A Continuation of the Commentary on Theologia Germanica, by the Frankfurter.
And like as the sun may not hide its brightness, but must give light unto the earth (for heaven indeed draws its light and heat from another fountain), so also God, who is the highest Good, wills not to hide himself from any, wheresoever he findeth a devout soul, that is thoroughly purified from all creatures. (Theologia Germanica)
A lot of people like to accuse God of “hiding” from or “abandoning” them. Shame!!! As Saint Paul assures us: “If we believe not, yet he abideth faithful: he cannot deny himself” (II Timothy 2:13). As Yogananda said once in a talk: “He never denies us; we deny him.” That is the truth.
It is God’s nature to draw us upward into His “throne,” into His perfect Being and Consciousness which He wills to share with us. That is why He told Abraham: “I am thy shield, and thy exceeding great reward” (Genesis 15:1). And if we do not violate our nature as eternally existing in God, we will cooperate in rising to Him.
As the Frankforter says, God is looking for “a devout soul, that is thoroughly purified from all creatures,” one who is completely free from desire and attachment for things of either earth or heaven, intent instead on complete liberation of spirit. Krishna describes such a one in this way:
“Among those who are purified by their good deeds, there are four kinds of men who worship me: the world-weary, the seeker for knowledge, the seeker for happiness and the man of spiritual discrimination. The man of discrimination is the highest of these. He is continually united with me. He devotes himself to me always, and to no other. For I am very dear to that man, and he is dear to me. Certainly, all these are noble: but the man of discrimination I see as my very Self. For he alone loves me because I am myself: the last and only goal of his devoted heart” (Bhagavad Gita 7:16-18).
For in what measure we put off the creature, in the same measure are we able to put on the Creator; neither more nor less. (Theologia Germanica)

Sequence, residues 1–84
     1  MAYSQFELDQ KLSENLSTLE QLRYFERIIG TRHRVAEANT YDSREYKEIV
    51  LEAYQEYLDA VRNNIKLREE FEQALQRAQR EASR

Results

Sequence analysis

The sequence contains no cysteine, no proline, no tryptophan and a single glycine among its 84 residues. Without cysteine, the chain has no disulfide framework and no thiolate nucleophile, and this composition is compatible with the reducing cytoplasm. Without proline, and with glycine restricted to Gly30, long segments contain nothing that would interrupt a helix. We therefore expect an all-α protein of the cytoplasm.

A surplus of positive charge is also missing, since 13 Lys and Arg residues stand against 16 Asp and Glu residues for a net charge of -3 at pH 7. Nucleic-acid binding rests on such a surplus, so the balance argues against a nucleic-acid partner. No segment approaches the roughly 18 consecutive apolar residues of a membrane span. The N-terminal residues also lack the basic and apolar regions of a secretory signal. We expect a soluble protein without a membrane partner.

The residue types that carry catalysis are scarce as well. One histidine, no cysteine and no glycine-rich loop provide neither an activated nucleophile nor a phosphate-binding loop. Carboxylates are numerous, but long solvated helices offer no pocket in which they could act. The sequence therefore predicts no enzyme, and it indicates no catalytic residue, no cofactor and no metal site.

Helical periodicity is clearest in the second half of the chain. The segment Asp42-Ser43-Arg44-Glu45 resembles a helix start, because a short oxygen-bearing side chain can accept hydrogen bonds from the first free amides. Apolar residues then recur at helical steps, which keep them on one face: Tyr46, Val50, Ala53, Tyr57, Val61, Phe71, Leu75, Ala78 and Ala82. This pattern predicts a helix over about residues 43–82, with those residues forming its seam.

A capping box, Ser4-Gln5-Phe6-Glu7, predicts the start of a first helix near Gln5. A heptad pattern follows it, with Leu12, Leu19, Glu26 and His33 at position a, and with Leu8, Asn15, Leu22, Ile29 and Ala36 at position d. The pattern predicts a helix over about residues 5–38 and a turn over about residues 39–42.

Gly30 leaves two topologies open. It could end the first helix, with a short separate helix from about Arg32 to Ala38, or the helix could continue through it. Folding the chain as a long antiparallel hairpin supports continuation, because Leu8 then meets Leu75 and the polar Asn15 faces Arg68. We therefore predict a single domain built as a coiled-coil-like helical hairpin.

Since the human being is really a god in embryonic form, it is possible for people to divest themselves of humanity and all forms of relative existence, even those of the highest worlds.
And the less a person is part of creation, the more he is assumed into the Being of the Creator. He does not become the Creator, but he “puts on” the Creator, being clothed in Divinity, sharing in the qualities and powers of God insofar as a finite being can do so.
That is why Saint Paul speaks of “putting on Christ.” (“For as many of you as have been baptized into Christ have put on Christ” Galatians 3:27.) It is the nature of every individual spirit (jiva) to attain divinity. “Jesus answered them, Is it not written in your law [Psalms 82:6], I said, Ye are gods?” (John 10:34).
This was a teaching of original Christianity, and still is a teaching of authentic Christianity. As I explained to more than one missionary in India, the Hindus, Buddhists and Taoist are far more truly Christian than they are. That is why Jesus told of such people: “Many will say to me in that day, Lord, Lord, have we not prophesied in thy name? and in thy name have cast out devils? and in thy name done many wonderful works? And then will I profess unto them, I never knew you: depart from me, ye that work iniquity” (Matthew 7:22, 23). Their religion itself is iniquity, not of Christ or God.
As Jesus further said to such false teachers who claim to be “winning souls for Christ”: “Woe unto you! for ye compass sea and land to make one proselyte, and when he is made, ye make him twofold more the child of hell than yourselves” (Matthew 23:15).
For if mine eye is to see anything, it must be single, or else be purified from all other things. (Theologia Germanica)
“The light of the body is the eye: if therefore thine eye be single, thy whole body shall be full of light” (Matthew 6:22; Luke 11:34).
Now the priest-knight brings it home to the individual, including himself. For anyone to experience union with God, the “eye” of the intellect, known in Sanskrit as the buddhi (intelligence factor of the mind), must be capable of that experience. The Greek word translated “eye” in the New Testament is ophthalmos, which means both the physical eye and the mental eye–the faculty of perception and knowledge. This faculty must be single: haplous, which means simple and single in the sense of whole–totally operational. One of the roots of haplous is pleko, which means gathered up into one. So the single eye is the same as the “one-pointed” mind of the adept yogi.
“When can a man be said to have achieved union with Brahman? When his mind is under perfect control and freed from all desires, so that he becomes absorbed in the Atman, and nothing else. ‘The light of a lamp does not flicker in a windless place’: that is the simile which describes a yogi of one-pointed mind, who meditates upon the Atman. Then he knows that infinite happiness which can be realized by the purified heart but is beyond the grasp of the senses. To achieve this certainty is to know the real meaning of the word yoga” (Bhagavad Gita 6:18, 19, 21, 23).
All “things” must be emptied from the mind in meditation, and most of the time outside meditation. Only the external awareness that is needed at the time of outer activity should be in the yogi’s consciousness at any time.
More from the Frankfurter:
- Seeing Our Spiritual Blindness That We Can Overcome It
- When Will Perfection Come for Us?
- How Can You Know God?